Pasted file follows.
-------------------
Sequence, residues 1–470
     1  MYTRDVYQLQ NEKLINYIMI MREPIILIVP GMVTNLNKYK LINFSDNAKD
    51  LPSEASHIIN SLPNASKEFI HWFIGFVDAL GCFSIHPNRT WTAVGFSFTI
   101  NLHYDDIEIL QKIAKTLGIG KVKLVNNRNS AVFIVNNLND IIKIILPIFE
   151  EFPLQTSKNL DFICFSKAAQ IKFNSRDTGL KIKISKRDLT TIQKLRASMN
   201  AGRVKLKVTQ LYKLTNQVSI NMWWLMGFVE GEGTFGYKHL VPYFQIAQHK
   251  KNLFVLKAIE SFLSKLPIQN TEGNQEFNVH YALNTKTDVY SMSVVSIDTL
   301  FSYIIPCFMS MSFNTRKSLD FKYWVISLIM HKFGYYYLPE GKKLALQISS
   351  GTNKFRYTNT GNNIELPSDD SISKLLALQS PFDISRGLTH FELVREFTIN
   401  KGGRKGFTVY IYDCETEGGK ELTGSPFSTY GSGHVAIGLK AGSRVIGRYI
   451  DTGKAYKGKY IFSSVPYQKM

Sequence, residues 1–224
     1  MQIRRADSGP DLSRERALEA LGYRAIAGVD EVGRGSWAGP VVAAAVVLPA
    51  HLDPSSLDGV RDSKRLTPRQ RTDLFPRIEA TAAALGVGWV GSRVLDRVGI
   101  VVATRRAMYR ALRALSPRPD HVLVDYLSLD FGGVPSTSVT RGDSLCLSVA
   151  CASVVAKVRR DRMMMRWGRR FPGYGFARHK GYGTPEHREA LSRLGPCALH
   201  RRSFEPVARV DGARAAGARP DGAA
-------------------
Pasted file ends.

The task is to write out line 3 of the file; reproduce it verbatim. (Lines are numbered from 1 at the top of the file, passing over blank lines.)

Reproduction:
    51  LPSEASHIIN SLPNASKEFI HWFIGFVDAL GCFSIHPNRT WTAVGFSFTI